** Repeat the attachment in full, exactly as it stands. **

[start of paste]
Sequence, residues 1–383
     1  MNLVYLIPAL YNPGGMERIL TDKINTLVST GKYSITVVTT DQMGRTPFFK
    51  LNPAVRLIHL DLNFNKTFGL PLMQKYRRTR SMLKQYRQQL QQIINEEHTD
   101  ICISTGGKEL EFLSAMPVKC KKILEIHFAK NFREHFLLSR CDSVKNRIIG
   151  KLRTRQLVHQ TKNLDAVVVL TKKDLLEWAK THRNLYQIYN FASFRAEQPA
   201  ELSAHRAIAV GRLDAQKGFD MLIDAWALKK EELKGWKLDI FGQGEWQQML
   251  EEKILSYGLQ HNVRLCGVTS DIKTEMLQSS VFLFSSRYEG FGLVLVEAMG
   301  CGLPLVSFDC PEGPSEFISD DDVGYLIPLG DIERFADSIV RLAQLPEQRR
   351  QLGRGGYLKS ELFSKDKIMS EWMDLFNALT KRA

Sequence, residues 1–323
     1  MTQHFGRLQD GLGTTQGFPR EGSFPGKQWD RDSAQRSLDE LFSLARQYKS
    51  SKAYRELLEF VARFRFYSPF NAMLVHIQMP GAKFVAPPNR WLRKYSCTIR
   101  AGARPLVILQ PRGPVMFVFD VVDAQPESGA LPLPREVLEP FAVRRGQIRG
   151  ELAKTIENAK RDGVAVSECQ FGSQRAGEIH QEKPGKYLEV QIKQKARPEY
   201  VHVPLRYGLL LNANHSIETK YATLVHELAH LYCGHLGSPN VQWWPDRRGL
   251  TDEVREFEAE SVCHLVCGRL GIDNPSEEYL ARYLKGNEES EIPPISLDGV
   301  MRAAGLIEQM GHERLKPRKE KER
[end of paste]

Sequence, residues 1–383
     1  MNLVYLIPAL YNPGGMERIL TDKINTLVST GKYSITVVTT DQMGRTPFFK
    51  LNPAVRLIHL DLNFNKTFGL PLMQKYRRTR SMLKQYRQQL QQIINEEHTD
   101  ICISTGGKEL EFLSAMPVKC KKILEIHFAK NFREHFLLSR CDSVKNRIIG
   151  KLRTRQLVHQ TKNLDAVVVL TKKDLLEWAK THRNLYQIYN FASFRAEQPA
   201  ELSAHRAIAV GRLDAQKGFD MLIDAWALKK EELKGWKLDI FGQGEWQQML
   251  EEKILSYGLQ HNVRLCGVTS DIKTEMLQSS VFLFSSRYEG FGLVLVEAMG
   301  CGLPLVSFDC PEGPSEFISD DDVGYLIPLG DIERFADSIV RLAQLPEQRR
   351  QLGRGGYLKS ELFSKDKIMS EWMDLFNALT KRA

Sequence, residues 1–323
     1  MTQHFGRLQD GLGTTQGFPR EGSFPGKQWD RDSAQRSLDE LFSLARQYKS
    51  SKAYRELLEF VARFRFYSPF NAMLVHIQMP GAKFVAPPNR WLRKYSCTIR
   101  AGARPLVILQ PRGPVMFVFD VVDAQPESGA LPLPREVLEP FAVRRGQIRG
   151  ELAKTIENAK RDGVAVSECQ FGSQRAGEIH QEKPGKYLEV QIKQKARPEY
   201  VHVPLRYGLL LNANHSIETK YATLVHELAH LYCGHLGSPN VQWWPDRRGL
   251  TDEVREFEAE SVCHLVCGRL GIDNPSEEYL ARYLKGNEES EIPPISLDGV
   301  MRAAGLIEQM GHERLKPRKE KER